North American Lighting has reduced its total compressed air energy use by 27 percent – and in the process – saves over 1,100,000 kWh/year for a total annual savings of $91,000. The project payback was less than a year. Also noteworthy is that the savings will increase as the costs of energy increase, a point often overlooked.
Many maintenance managers know a combination of sizes and types of air compressors is a good thing for efficiency of a compressed air system. This allows a facility to match demand to a correctly sized compressor. The challenge has traditionally been sequencing the compressors to run optimally. Most controllers on the market can only sequence the order in which air compressors run without selecting the best combination for current demand.
This is where the Airleader Master Controller outperforms other controllers. According to Jan Hoetzel, Airleader North America, “Our master controllers can control anywhere up to 32 compressors in multiple locations. We install a control module into each air compressor that is connected to the Master controller. Depending on the compressor locations, we can either wire them directly to the controller or utilize the existing Ethernet network to control the compressors remotely, as was the case with the North American Lighting Project.”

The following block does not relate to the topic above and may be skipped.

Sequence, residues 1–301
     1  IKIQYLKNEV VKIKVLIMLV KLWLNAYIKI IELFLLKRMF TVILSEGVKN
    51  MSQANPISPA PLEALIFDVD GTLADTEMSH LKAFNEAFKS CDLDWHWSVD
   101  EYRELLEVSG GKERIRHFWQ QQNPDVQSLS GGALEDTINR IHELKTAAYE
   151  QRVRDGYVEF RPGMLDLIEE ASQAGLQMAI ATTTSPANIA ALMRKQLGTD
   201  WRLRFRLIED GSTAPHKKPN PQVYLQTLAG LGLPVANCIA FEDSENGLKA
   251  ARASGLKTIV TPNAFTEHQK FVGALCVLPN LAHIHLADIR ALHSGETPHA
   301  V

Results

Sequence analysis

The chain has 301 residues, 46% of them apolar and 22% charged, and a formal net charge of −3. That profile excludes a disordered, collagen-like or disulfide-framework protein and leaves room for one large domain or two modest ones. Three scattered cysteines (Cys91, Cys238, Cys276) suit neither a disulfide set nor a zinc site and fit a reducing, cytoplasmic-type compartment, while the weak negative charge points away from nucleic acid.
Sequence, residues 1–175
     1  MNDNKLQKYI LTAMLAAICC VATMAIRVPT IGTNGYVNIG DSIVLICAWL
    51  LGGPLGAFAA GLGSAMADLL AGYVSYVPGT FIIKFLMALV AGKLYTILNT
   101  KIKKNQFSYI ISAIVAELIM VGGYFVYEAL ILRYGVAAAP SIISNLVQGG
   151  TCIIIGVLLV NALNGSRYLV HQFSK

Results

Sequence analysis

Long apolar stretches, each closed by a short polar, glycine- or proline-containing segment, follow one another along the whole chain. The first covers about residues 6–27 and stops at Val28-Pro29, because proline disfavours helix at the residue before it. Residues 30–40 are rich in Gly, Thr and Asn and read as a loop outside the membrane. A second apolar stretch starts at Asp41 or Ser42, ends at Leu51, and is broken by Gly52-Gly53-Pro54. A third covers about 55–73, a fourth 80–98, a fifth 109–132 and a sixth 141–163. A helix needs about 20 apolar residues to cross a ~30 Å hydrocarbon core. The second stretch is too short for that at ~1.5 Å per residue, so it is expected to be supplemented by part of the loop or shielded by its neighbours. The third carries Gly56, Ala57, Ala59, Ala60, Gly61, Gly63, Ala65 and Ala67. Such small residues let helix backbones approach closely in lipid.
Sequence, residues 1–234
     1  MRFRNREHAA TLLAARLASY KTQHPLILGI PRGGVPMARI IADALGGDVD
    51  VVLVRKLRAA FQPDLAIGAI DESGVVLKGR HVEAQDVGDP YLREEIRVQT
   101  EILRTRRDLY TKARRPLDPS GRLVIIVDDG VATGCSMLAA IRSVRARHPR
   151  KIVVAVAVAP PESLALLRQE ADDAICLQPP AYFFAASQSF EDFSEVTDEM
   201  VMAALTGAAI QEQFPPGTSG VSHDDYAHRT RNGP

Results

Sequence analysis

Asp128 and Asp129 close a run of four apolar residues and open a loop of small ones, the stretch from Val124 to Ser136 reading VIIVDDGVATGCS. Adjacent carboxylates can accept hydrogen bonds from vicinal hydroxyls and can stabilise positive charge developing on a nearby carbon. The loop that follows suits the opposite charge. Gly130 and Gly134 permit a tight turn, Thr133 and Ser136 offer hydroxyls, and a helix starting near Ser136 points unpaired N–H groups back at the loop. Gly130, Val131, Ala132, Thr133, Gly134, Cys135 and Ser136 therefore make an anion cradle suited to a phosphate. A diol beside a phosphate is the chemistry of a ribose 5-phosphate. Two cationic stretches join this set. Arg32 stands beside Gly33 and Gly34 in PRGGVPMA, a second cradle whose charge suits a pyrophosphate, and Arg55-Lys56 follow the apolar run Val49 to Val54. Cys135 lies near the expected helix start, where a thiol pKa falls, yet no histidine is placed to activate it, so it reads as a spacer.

Following a week of data logging the North American Lighting system, a baseline was established and the system was analyzed. It was discovered the customer was running too many air compressors at the same time and their large VSDs were running fully loaded rather than trimming. Airleader simulation software uses that data to demonstrate how a master controller could reduces the unloaded energy.
The Airleader Master II Controller could:
- Match air demand and supply
- Control multiple air compressor load/unload and a VSD unit from various compressor OEMs.
- Use only one Master Controller to manage two locations via an Ethernet network, reducing installation and cabling costs.
- Ensure the system ran efficiently now and into the future, as well as providing the ability to make adjustments to the air compressor system settings remotely and providing historical data for further analysis when required.
How healthy is your air system? Are there opportunities to reduce the amount your facility spends on compressed air and maximize the operation of your system?
You can download and read the full article in Compressed Air Best Practices, at the following link: